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Why the Indian markets are falling

June 9, 2008

It all started with the US subprime problem and the global credit crunch, which led the BSE Sensex nosediving from its peak of 21,206 on January 10, 2008 to 14,677 on March 18. A part of the fall can also be attributed to the concerns pertaining to the increase in crude oil prices and its impact on India's economic growth.

Some of the early signs were also visible from rising inflation and the slowdown in domestic industrial production numbers. This further led to concerns over high interest rates, slowdown in GDP and thus, corporate earnings as well.

Sensing these developments, foreign institutional investors were the first ones to move out of the market, and they partly became the reason for the markets to fall.

End of the bloodbath?

If the global and domestic problems persist, experts predict the Sensex to fall to 12,000-14,500 levels. Though bold and unbelievable, there are few players who are predicting that the Sensex may touch the 9,000 levels.

While we are not predicting the Sensex levels, we jot down and bring certain factors that may determine the future course of the markets and what investors should do during these uncertain times.

Crude realities

No investor will be willing to invest in an asset headed for reporting lower profits and no asset can be profitable if costs are higher than realisations.

Crude oil is one such commodity, whether it is the economy (macro) or corporate profitability (micro), which is considered to be the source of most of the problems.

While crude oil prices had corrected to $125 levels, after crossing $135 a barrel mark, it again scaled a new peak of $139.12 a barrel last week. There are reports predicting that it will go to $150 to $200 a barrel.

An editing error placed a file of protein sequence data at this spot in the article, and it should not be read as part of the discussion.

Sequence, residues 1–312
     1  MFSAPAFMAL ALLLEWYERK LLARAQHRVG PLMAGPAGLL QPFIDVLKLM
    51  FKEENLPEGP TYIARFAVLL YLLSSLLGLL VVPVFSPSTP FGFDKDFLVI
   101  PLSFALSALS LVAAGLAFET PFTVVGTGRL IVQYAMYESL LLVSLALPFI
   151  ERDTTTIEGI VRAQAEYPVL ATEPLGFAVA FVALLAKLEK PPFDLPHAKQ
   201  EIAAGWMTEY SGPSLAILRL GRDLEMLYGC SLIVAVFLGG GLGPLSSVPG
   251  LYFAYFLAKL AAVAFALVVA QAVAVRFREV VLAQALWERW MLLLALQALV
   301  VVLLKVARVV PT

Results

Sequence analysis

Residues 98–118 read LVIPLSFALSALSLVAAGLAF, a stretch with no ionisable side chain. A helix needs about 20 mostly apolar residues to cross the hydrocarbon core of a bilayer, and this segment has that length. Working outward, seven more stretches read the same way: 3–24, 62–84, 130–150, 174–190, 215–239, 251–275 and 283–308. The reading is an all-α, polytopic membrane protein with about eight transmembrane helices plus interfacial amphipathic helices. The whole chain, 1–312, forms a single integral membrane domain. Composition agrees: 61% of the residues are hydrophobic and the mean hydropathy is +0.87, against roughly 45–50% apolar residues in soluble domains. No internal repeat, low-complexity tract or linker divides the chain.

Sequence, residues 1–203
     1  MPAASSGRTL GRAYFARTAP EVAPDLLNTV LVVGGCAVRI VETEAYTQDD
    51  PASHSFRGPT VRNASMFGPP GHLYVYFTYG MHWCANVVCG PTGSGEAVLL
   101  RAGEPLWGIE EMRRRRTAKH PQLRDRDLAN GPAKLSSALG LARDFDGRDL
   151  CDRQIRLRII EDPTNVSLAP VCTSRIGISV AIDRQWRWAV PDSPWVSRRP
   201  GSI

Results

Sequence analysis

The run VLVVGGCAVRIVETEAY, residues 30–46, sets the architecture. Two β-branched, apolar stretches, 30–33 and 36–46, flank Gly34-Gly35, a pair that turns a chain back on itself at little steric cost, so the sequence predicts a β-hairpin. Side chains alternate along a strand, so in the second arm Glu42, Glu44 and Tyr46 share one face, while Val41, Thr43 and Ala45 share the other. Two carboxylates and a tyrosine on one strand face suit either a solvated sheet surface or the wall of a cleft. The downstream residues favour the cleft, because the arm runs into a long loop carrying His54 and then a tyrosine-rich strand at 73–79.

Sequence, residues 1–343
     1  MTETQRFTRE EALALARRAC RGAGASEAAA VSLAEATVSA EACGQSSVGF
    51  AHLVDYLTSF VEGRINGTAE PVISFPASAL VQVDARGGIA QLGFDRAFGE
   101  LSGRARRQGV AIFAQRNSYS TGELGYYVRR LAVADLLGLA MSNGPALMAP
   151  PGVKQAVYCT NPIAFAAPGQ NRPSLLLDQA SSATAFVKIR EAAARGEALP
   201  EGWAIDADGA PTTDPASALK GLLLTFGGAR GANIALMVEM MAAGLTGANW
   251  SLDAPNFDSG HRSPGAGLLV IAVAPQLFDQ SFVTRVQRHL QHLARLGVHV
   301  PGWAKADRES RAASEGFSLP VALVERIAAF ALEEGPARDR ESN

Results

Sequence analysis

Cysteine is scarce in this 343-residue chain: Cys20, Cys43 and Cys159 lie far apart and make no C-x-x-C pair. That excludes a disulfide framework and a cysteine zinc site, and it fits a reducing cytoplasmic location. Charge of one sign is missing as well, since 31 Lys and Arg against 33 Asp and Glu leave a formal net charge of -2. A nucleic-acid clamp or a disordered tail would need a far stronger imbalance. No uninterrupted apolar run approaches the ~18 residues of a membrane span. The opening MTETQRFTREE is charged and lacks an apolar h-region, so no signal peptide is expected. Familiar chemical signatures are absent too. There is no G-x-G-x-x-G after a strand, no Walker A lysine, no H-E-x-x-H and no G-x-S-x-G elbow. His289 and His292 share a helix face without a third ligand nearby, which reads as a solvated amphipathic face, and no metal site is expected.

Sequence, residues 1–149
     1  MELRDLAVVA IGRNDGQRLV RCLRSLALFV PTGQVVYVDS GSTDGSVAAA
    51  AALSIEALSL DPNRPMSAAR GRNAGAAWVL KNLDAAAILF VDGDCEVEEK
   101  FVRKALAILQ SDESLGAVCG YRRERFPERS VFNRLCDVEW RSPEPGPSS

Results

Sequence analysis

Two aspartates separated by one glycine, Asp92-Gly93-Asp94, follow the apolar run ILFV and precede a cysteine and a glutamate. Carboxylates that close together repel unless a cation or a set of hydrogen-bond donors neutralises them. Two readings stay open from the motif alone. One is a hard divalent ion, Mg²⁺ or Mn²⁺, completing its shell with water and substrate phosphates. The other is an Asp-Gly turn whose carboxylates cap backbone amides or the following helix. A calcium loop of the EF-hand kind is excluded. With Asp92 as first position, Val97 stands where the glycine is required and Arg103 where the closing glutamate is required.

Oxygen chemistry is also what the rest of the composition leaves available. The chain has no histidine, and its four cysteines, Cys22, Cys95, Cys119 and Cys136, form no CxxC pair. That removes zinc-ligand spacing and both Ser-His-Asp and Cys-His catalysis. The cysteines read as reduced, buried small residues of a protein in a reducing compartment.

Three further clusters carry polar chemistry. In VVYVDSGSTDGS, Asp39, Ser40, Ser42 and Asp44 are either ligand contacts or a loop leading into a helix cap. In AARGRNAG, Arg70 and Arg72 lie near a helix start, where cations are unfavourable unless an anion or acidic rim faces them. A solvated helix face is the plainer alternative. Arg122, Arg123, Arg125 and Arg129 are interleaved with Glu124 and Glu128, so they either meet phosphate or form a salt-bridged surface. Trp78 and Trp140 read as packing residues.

There are several reasons attributed to the recent spike in the crude oil prices including increased financial investments and a marginal rise in costs of oil production.

Whether the crude oil price rises to such high levels or not, experts suggest that the good old days of cheap oil may be gone for a long time to come.

Bloating deficit

According to studies, a $10 increase in the crude oil prices may reduce India's GDP growth by about 0.3 percentage points and an increase in the consumer price index by 1.2 percentage points.

India imports about 70 per cent of its oil requirements, suggesting that at current levels, it will have to pay a significantly higher amount to meet demand. It has already led to a large trade deficit (over 7 per cent of the GDP).

Fiscal deficit, which is currently at about 3 per cent of the GDP, could reach to 10 per cent levels if the fertiliser, food, farm and oil subsidies are added.

Hence, further rise in crude oil prices will only make things worse. Not only this, rising oil will have serious consequences on others things as well.

"If crude oil touches $150 levels and sustains there, it will be a crude awakening for the global as well as for India. India's annual import bill will touch to $140 billion against the $78 billion estimated for the FY08," says Devendra Nevgi, CEO and CIO, Quantum Mutual Fund.

High inflation

High crude oil prices would have a sweeping impact on the Indian economy.

To put forth some of them: Higher inflation rate, rupee depreciation, increasing trade account and fiscal deficit, and firm interest rates. The other side of an oil shock would probably the ensuing political instability and social unrest.

The inflation rate, which is already high at over 8 per cent, could emerge as a key concern. Economists share different views with regards to inflation reaching the double digit figure in the short term, and if not, it could range at about 7-8 per cent, especially after the recent hike in the petrol and diesel prices.

Text: Jitendra Kumar Gupta, Business Standard

Image: Indian investors react as they view share prices on a giant screen outside the Bombay Stock Exchange | Photograph: Indranil Mukherjee/AFP/Getty Images

Also read: The 10 biggest falls of the Sensex
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